I completely fell in love with Lapa dos Dinheiros, one of the five mountain villages in the heart of the Serra da Estrela Natural Park of Portugal. It’s a very small village but with some surprising gems, and surrounded by the beauty of central Portugal.
- Visiting the Historic Village of Piodão
- The Mountain Village of Lapa dos Dinheiros, Portugal
- Lunch in Loriga
- Visiting the Mountain Villages of Portugal
- Further Reading
Visiting the Historic Village of Piodão
My visit to Lapa dos Dinheiros actually starts with a stop in Piodão, one of the 12 historic villages of Portugal. It’s mostly constructed from schist, very similar to Gondramaz and the other schist villages of central Portugal.
Piodão was first recorded in 1527 and was possibly used as a safe haven for condemned criminals. It’s considerably larger than other schist villages, but that’s not saying much when there are only about 120 inhabitants. It’s also the only historic village that doesn’t have a castle, which is understandable considering the mountainous terrain.
We wandered up and down the streets for a little while, and then I captured some great drone footage. There was a restaurant in town, but their ratings on Google were horrible. Instead, we picked up some honey and a magnet from one of the souvenir shops before moving on. We were on a tight schedule after all.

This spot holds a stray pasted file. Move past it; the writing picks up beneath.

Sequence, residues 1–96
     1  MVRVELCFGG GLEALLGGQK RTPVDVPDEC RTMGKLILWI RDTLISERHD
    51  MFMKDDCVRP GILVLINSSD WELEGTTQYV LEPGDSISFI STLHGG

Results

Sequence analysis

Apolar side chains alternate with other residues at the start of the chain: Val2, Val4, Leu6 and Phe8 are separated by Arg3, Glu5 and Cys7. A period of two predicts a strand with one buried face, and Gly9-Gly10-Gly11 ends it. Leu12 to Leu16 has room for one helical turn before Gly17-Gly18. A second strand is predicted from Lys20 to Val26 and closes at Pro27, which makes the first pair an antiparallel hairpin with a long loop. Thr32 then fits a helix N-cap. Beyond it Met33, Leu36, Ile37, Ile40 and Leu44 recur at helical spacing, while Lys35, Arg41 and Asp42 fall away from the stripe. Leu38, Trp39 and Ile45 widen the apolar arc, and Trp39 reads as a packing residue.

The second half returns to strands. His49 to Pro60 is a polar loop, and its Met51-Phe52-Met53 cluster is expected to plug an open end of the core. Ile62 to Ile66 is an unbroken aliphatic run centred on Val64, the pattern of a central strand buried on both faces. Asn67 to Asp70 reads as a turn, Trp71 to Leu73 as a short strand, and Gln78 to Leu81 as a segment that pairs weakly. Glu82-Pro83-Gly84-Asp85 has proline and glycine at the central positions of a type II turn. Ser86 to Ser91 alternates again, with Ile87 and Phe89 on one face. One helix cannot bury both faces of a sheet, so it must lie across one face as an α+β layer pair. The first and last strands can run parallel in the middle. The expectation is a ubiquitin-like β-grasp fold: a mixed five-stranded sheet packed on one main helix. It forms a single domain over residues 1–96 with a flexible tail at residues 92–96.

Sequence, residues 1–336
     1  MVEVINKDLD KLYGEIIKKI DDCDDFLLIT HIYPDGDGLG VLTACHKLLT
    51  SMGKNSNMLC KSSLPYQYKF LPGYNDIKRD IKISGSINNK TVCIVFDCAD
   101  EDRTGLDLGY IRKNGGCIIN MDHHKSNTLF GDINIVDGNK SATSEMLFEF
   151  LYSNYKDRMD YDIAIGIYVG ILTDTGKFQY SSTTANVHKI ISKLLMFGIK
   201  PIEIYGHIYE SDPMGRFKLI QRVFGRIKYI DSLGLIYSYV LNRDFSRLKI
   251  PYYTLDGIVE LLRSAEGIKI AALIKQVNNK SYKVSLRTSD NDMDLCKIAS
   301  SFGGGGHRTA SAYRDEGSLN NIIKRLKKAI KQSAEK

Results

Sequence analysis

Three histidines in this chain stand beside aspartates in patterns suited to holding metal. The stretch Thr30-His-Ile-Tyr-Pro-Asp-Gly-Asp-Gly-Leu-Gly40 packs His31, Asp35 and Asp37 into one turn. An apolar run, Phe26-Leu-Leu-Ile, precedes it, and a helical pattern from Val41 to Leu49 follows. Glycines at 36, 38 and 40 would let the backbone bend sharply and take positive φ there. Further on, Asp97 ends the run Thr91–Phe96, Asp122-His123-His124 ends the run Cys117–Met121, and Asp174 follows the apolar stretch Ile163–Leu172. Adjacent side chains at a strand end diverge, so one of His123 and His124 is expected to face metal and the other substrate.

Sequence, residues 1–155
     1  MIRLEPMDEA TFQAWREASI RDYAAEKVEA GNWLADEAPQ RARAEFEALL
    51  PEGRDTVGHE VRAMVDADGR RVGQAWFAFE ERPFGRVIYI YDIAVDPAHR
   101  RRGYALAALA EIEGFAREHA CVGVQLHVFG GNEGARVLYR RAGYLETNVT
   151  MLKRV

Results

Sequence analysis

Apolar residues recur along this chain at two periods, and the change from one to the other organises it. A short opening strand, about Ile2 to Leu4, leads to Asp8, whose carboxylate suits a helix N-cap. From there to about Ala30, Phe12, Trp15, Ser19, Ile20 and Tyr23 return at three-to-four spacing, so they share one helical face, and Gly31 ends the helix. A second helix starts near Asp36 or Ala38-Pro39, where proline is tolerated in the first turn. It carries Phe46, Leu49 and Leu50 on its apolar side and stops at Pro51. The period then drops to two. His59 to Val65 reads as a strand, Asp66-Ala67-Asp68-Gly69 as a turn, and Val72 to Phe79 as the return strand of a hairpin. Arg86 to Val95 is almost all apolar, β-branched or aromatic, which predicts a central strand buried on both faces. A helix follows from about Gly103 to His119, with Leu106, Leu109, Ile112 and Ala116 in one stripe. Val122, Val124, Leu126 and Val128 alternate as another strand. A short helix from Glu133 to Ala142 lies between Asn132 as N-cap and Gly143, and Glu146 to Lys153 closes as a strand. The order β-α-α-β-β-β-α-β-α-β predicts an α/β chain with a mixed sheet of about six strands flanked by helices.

Foz de Égua is only a couple miles north of Piodão. We parked at a spot by the river, which seemed the best point to get photos from. The tiny village is located on the confluence of two rivers, with just a few schist cottages along the banks. The little homes look like they could be right out of a fantasy movie.
The Mountain Village of Lapa dos Dinheiros, Portugal
There are six Mountain Villages in Portugal, all in the Serra da Estrela Natural Park. They are Lapa dos Dinheiros, Loriga, Alvoco da Serra, Valezim and Cabeça. These are different from the schist villages and the historic villages. The schist villages are almost entirely made from schist, and the historic villages are much older and (except for Piodão) have castles.